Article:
What Boris Johnson promised about 'oven-ready' Brexit deal before general election

Prime Minister Boris Johnson speaking at the launch the Conservative Party's General Election campaign at NEC, Birmingham.
Boris Johnson promised an 'oven-ready' Brexit deal when launching the Conservative Party's general election campaign last November. (PA)

Boris Johnson has been criticised for “ripping up” parts of his Brexit withdrawal agreement after previously referring to it as “oven-ready”.

The Financial Times has reported that the government is preparing legislation that would override a key part of its withdrawal agreement with the EU.

The plan would eliminate the requirement for new customs arrangements in Northern Ireland designed to prevent the return of border checks.

The withdrawal agreement, signed by the UK and the EU in January, sets up a transitional period until the end of this year for both parties to negotiate a new trade deal.

On Monday, SDLP leader Colum Eastwood told the BBC's Westminster Hour: "It’s absolutely astonishing that any government who says they want to go and do trade deals around the world would just rip up an agreement that they made a few months ago with the EU.”

The Labour Party said: “This would be an act of immense bad faith that would be damaging to our national interests and viewed dimly by our future trading partners around the world.”

Johnson has set a deadline of 15 October for Britain and the EU to agree a post-Brexit trade deal, giving negotiators five weeks before the prospect of walking away from the table.

The prime minister will say later on Monday that both sides should “move on” if an agreement is not reached by that date, and that a no-deal Brexit would be a “good outcome”.

However, his tone is a far cry from the promise he made before last December’s general election of having an “oven-ready” Brexit withdrawal deal ready to go.

On a visit to Addenbrooke’s Hospital in Cambridge on 31 October last year, Johnson said: “We’ve got an oven-ready deal.”

A few days later, in an interview with The Sun On Sunday on 3 November, Johnson said: “We’ve got a deal that’s oven-ready.

“We’ve just got to put it in at gas mark four, give it 20 minutes and Bob’s your uncle.

Read more: Tory minister says EU is 'in denial' as no-deal Brexit looms

“There’s only one way to get Brexit done and there’s only one way to get it done fast and that’s to vote for us, vote for the Conservatives.”

He went on to repeat the “oven-ready” mantra on numerous occasions throughout his election campaign.

In the Conservative Party manifesto, he wrote: “With a new Parliament and a sensible majority government, we can get that deal through in days.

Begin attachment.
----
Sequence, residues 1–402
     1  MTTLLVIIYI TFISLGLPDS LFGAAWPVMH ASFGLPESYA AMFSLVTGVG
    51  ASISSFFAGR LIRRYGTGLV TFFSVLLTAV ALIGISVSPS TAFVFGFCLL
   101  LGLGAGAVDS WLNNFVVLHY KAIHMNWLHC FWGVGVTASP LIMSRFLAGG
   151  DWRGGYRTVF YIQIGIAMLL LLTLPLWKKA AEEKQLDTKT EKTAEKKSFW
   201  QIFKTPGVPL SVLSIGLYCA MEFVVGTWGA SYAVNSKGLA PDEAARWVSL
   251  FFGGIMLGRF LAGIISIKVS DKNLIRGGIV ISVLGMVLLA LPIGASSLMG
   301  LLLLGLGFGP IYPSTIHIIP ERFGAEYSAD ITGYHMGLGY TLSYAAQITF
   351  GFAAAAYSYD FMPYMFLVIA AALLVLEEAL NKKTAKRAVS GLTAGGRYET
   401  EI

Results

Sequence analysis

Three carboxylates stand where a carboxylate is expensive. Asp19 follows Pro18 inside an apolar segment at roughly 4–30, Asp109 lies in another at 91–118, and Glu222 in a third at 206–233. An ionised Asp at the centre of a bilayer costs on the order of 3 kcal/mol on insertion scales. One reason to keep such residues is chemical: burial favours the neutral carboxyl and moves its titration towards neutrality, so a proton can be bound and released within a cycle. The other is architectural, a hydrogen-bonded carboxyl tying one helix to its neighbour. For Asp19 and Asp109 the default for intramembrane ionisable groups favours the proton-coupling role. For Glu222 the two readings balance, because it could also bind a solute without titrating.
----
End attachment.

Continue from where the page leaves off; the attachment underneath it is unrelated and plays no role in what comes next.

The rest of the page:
“It is oven-ready and every single Conservative MP elected at this election, all 365 of them, have pledged to vote for this deal immediately.”

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When launching his campaign on 6 November, Johnson said: “We’ve got a deal, oven-ready, by which we can leave the EU in just a few weeks.”

But he didn’t just restrict himself to just one cooking metaphor.

During the same period, he caused some confusion by insisting his Brexit withdrawal deal was ready to go into another kitchen appliance.

At the launch of Conservative Party’s campaign at the NEC in Birmingham, Johnson said of his deal: “Whack it in the microwave, gas mark… I’m not very good at cooking… gas mark four.

“Prick the lid. Put it in, and then we can get on… we can put this deal through Parliament.”

Prime Minister Boris Johnson departs 10 Downing Street, Westminster, London, to attend Prime Minister's Questions at the Houses of Parliament, the first after the summer recess.
Boris Johnson has issued a deadline to the EU over reaching a Brexit trade deal. (PA)

The prime minister was mocked online for comparing his Brexit withdrawal deal to a microwave meal, while BBC presenter Andrew Neil teased Johnson that it was not too late to agree to an “oven-ready” interview.

Johnson and his party went on to win a landslide victory over Jeremy Corbyn and Labour in December’s general election.

In January, Johnson marked the signing of the Brexit withdrawal agreement with an image of him flanked by Union Jack flags.

He said: “This signature heralds a new chapter in our nation’s history.”

But eight months down the line, the government appears to be no closer to a trade agreement with the EU.

On Friday, MEP and Brexit critic Guy Verhofstadt mocked Johnson’s “oven-ready” deal, saying instead it is a “recipe for chaos”.